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Thoughts of family helped snowmobiler survive 2 days in frigid wilderness

By Alex Cabrero | Posted - Dec. 30, 2014 at 10:49 p.m.


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SALT LAKE CITY — A man missing for nearly two full days in the backcountry near Logan did two things right that helped him survive: He stayed in one place and he built a shelter. He had no food, no cellphone, no way out, but what he did have was hope.

Lawrence Orduno and his friend were snowmobiling Saturday afternoon in the Franklin Basin area of Cache County when they got separated. Orduno got stuck in deep snow.

“I came over a snow bank and when I came up, I came down, and (the snowmobile) went straight into the snow," the 48-year-old Phoenix man said. "I gunned it; it was climbing up out and it just slammed straight up and down, vertical. It just stopped right there.”

Mounds of snow some 8 to 10 feet deep prevented Orduno from getting out, so he found some twigs and started a fire using his lighter and gas from his snowmobile. He also dug a snow cave for warmth, but he had no food and only a bottle and a half of Gatorade.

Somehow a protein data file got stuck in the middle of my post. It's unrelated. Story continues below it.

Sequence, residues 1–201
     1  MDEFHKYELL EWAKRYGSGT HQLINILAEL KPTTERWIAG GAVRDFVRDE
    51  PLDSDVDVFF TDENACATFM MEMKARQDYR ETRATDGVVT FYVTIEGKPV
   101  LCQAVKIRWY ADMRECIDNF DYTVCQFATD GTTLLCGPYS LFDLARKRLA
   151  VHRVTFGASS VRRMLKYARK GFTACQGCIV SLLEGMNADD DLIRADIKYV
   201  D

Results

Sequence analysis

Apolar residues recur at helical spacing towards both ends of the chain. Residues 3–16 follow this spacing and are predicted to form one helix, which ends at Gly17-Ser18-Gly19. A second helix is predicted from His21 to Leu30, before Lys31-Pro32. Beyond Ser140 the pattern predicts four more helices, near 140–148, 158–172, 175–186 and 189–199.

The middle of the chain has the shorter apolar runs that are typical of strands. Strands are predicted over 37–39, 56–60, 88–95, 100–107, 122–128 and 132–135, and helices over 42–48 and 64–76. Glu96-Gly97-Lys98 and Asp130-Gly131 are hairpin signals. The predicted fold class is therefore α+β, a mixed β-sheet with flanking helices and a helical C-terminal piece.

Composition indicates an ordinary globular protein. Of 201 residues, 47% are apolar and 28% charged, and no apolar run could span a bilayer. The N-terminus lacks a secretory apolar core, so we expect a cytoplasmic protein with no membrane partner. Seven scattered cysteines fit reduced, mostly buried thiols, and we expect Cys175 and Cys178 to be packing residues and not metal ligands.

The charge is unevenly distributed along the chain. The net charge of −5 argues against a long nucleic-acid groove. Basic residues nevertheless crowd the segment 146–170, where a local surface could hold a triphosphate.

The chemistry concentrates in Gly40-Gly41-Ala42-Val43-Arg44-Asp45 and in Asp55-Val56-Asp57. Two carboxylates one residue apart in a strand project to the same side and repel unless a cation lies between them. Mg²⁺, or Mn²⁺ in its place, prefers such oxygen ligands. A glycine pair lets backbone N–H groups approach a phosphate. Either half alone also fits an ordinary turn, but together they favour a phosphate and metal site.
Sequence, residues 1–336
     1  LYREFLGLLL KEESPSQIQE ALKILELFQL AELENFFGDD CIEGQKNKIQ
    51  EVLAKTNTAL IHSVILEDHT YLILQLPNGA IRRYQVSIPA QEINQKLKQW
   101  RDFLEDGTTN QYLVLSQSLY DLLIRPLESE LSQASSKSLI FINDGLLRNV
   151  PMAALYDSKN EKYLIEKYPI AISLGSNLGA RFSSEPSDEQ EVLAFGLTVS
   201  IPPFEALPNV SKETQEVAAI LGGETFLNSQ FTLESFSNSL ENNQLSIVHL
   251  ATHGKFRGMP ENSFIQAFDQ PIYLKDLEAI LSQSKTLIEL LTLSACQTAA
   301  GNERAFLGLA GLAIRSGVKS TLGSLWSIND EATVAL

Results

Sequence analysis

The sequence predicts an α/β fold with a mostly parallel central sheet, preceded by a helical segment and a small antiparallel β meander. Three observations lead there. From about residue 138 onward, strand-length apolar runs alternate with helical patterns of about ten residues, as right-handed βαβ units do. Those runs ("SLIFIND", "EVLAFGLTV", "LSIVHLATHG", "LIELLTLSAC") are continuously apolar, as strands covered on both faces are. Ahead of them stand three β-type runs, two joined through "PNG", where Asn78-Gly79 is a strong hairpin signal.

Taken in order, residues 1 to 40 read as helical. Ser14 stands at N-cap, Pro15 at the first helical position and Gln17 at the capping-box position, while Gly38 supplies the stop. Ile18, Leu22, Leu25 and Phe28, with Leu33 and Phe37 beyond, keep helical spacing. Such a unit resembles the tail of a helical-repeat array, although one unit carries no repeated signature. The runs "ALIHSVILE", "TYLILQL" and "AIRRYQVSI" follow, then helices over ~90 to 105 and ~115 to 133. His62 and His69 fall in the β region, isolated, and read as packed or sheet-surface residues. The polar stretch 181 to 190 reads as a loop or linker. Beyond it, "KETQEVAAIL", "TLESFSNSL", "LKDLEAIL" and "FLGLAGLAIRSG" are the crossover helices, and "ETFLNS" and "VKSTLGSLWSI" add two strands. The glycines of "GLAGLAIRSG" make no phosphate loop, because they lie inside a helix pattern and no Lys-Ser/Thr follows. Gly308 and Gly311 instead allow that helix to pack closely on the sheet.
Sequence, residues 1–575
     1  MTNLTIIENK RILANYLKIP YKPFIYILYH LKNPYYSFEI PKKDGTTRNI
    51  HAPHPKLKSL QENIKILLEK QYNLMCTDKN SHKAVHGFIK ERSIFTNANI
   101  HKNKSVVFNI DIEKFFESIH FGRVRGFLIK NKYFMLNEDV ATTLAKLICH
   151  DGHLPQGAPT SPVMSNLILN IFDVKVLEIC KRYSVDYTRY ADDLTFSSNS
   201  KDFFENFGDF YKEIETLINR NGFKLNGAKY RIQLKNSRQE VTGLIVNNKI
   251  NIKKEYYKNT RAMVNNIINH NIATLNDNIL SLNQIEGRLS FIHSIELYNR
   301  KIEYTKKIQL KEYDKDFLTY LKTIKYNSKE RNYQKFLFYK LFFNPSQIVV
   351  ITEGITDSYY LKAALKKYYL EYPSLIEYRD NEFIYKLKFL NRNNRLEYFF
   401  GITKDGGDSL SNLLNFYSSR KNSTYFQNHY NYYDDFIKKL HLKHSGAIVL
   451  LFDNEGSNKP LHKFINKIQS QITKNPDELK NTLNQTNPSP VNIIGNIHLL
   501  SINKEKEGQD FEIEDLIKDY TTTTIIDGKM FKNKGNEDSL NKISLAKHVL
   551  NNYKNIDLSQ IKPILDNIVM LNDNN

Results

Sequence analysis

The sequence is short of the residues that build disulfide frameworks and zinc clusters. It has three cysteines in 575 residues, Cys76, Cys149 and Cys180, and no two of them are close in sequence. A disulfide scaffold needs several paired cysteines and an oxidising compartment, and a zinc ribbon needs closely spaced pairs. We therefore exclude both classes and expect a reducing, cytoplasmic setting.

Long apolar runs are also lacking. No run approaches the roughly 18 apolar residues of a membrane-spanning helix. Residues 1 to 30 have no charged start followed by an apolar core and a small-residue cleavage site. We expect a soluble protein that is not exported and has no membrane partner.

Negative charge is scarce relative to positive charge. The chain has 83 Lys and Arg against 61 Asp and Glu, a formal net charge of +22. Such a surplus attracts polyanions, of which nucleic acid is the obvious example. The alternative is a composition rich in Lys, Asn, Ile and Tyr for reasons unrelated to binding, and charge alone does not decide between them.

Little did Orduno know, but his buddy had called search and rescue, and teams were looking for him. When he woke up the next morning, still alone, he got a bit nervous.

“It was tough, and I got worried a little bit,” Orduno said. “I felt a piece of panic, or a time of panic there.”

Through another day and an even colder night — with temperatures plummeting to 9 degrees below zero — Orduno stayed put and waited.

“That was my thought the whole time: I can’t wait to see my son and my girlfriend again," he said. "That’s what I’m doing it for; that’s why I’m out here fighting to stay alive for, is for my family."

Finally, Monday morning, a searcher on a snowmobile passed nearby and saw Orduno waving his arms.

“I was like, ‘Thank God!’ because he passed me once and didn’t even see me,” Orduno said.

Orduno was saved, and now he's just happy search and rescue teams didn't give up.

“That is my main objective here, is to tell ‘thank you’ to everybody who came out to help me," he said. "Because if it wasn’t for them, I would be laying in the cave still and probably laying there for a long time."

Orduno drove back home to Phoenix Tuesday evening, but he said he’s hoping to come back to Utah later this winter to go snowmobiling again.

“It’s a passion of mine,” he said. “I love it.”

After this experience, Orduno is even considering getting involved on a search and rescue team.

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Alex Cabrero

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